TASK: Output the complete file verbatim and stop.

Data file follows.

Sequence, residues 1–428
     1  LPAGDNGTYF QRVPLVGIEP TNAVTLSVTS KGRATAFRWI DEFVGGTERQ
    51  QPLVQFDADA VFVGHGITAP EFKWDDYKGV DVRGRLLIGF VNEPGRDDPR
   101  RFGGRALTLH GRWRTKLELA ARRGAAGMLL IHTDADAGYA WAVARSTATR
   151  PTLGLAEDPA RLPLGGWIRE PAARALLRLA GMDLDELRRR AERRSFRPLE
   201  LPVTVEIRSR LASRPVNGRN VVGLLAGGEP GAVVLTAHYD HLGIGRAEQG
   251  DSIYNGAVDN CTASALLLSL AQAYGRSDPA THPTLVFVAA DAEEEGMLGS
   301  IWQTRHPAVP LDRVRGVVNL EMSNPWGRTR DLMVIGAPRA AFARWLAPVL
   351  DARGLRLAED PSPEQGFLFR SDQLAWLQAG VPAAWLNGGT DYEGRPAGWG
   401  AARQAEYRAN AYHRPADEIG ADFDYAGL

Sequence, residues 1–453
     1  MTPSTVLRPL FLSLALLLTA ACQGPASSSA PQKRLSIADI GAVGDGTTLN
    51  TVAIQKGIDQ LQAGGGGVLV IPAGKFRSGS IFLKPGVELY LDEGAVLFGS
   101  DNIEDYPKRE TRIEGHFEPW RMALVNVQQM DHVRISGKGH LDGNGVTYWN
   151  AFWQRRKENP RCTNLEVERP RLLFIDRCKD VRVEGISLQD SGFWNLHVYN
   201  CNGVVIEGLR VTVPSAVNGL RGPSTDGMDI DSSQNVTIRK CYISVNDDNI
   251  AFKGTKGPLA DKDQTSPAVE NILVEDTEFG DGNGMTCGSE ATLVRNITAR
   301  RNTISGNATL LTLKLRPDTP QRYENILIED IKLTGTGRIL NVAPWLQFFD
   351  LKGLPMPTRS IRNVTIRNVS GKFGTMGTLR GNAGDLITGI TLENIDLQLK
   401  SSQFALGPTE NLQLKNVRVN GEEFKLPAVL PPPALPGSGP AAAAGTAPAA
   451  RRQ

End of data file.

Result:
Sequence, residues 1–428
     1  LPAGDNGTYF QRVPLVGIEP TNAVTLSVTS KGRATAFRWI DEFVGGTERQ
    51  QPLVQFDADA VFVGHGITAP EFKWDDYKGV DVRGRLLIGF VNEPGRDDPR
   101  RFGGRALTLH GRWRTKLELA ARRGAAGMLL IHTDADAGYA WAVARSTATR
   151  PTLGLAEDPA RLPLGGWIRE PAARALLRLA GMDLDELRRR AERRSFRPLE
   201  LPVTVEIRSR LASRPVNGRN VVGLLAGGEP GAVVLTAHYD HLGIGRAEQG
   251  DSIYNGAVDN CTASALLLSL AQAYGRSDPA THPTLVFVAA DAEEEGMLGS
   301  IWQTRHPAVP LDRVRGVVNL EMSNPWGRTR DLMVIGAPRA AFARWLAPVL
   351  DARGLRLAED PSPEQGFLFR SDQLAWLQAG VPAAWLNGGT DYEGRPAGWG
   401  AARQAEYRAN AYHRPADEIG ADFDYAGL

Sequence, residues 1–453
     1  MTPSTVLRPL FLSLALLLTA ACQGPASSSA PQKRLSIADI GAVGDGTTLN
    51  TVAIQKGIDQ LQAGGGGVLV IPAGKFRSGS IFLKPGVELY LDEGAVLFGS
   101  DNIEDYPKRE TRIEGHFEPW RMALVNVQQM DHVRISGKGH LDGNGVTYWN
   151  AFWQRRKENP RCTNLEVERP RLLFIDRCKD VRVEGISLQD SGFWNLHVYN
   201  CNGVVIEGLR VTVPSAVNGL RGPSTDGMDI DSSQNVTIRK CYISVNDDNI
   251  AFKGTKGPLA DKDQTSPAVE NILVEDTEFG DGNGMTCGSE ATLVRNITAR
   301  RNTISGNATL LTLKLRPDTP QRYENILIED IKLTGTGRIL NVAPWLQFFD
   351  LKGLPMPTRS IRNVTIRNVS GKFGTMGTLR GNAGDLITGI TLENIDLQLK
   401  SSQFALGPTE NLQLKNVRVN GEEFKLPAVL PPPALPGSGP AAAAGTAPAA
   451  RRQ